LOS ANGELES — On October 14, when the Los Angeles Kings honored their 1967-68 team as part of the franchise’s 50th Anniversary commemoration, the 13 players from that first Kings team who were able to attend, along with the team’s first play-by-play announcer, Jiggs McDonald, had the time of their lives, by all accounts.

Not only did they enjoy all the festivities and the first class treatment they got, but they also enjoyed reuniting with each other out of the spotlight, sharing stories, reminiscing, and enjoying the camaraderie they had as teammates so many years ago.

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Proud To Be One of the Original Los Angeles Kings: Defenseman Bob Wall

13 players from the 1967-68 Los Angeles Kings— the Original Kings— were honored by the team during their
50th Anniversary celebration on October 14, 2016, at Staples Center in Los Angeles.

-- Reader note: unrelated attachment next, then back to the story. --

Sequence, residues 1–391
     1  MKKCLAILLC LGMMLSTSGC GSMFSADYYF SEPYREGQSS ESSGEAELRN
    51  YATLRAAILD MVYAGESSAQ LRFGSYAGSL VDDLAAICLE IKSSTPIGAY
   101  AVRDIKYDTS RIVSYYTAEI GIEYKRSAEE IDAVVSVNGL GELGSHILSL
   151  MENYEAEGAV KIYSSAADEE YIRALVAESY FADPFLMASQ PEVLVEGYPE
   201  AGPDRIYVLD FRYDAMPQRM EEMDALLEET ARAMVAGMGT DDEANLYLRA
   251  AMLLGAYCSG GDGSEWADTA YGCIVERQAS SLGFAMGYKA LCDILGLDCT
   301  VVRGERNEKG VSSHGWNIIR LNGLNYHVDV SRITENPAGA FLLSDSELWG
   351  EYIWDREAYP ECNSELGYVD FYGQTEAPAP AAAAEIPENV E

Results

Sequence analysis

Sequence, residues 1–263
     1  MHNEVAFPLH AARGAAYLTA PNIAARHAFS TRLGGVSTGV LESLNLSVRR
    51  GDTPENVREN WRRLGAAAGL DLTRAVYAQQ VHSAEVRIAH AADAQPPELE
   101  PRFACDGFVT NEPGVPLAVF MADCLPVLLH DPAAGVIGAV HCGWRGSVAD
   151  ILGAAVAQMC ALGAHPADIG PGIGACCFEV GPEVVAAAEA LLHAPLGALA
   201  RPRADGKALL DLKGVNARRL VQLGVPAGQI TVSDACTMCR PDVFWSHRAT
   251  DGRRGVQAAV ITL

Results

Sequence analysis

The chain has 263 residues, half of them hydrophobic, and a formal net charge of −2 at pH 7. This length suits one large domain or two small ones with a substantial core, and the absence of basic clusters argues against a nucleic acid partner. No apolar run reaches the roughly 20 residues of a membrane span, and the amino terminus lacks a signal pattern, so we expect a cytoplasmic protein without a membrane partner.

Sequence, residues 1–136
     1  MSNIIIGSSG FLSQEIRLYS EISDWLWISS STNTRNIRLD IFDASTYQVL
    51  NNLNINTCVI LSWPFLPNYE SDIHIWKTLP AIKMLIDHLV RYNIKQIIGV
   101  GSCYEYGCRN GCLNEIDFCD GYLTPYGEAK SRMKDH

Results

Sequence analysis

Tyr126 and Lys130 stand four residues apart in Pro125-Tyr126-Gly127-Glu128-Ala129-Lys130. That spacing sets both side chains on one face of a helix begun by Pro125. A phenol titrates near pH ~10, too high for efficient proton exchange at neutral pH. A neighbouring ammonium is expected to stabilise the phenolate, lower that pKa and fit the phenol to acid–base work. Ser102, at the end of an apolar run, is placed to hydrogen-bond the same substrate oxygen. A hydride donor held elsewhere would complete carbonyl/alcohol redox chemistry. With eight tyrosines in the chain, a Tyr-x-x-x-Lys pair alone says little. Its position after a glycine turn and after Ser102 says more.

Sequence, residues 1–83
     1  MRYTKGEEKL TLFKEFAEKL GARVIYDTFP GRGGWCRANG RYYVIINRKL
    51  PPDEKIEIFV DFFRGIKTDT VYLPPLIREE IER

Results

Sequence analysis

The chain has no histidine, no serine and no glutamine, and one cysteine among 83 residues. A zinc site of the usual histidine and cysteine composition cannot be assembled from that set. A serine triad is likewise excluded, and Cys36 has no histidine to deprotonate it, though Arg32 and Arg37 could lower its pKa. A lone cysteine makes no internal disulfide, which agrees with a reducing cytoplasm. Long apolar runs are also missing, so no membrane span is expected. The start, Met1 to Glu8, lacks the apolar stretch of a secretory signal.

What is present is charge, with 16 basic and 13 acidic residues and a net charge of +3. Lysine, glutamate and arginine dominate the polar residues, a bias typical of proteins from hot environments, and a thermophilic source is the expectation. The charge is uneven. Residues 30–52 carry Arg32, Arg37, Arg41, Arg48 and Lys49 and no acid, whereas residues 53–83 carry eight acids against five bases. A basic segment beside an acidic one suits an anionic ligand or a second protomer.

Their first captain, defenseman Bob Wall, is in the first row, third from the left.
(click above to view larger image)
Photo: Dave Joseph/Los Angeles Kings

LOS ANGELES — 50 years ago, the Los Angeles Kings were a brand, spanking new National Hockey League franchise, one of six added when the NHL decided to expand from its Original Six teams in Boston, Chicago, Detroit, Montreal, New York and Toronto.

Six expansion teams joined the league in the 1967-68 season, including Jack Kent Cooke’s Kings, who had players such as Bill Flett, Eddie Joyal, Lowell MacDonald, Ted Irvine, Brian Kilrea, Gord Labossiere, Wayne Rutledge and Terry Sawchuk leading the way.

Their leader, the Kings’ first captain, was defenseman Bob Wall, who scored five goals and added 18 assists for 23 points in 71 regular season games in that first season.

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An Honor Long Overdue: LA Kings Great Rogie Vachon To Be Inducted Into Hockey Hall of Fame

STORY WITH AUDIO: After 32 years, Los Angeles Kings great Rogie Vachon was named as an Honored Member of the Hockey Hall of Fame on June 27. Read his comments and listen to an exclusive interview with him below.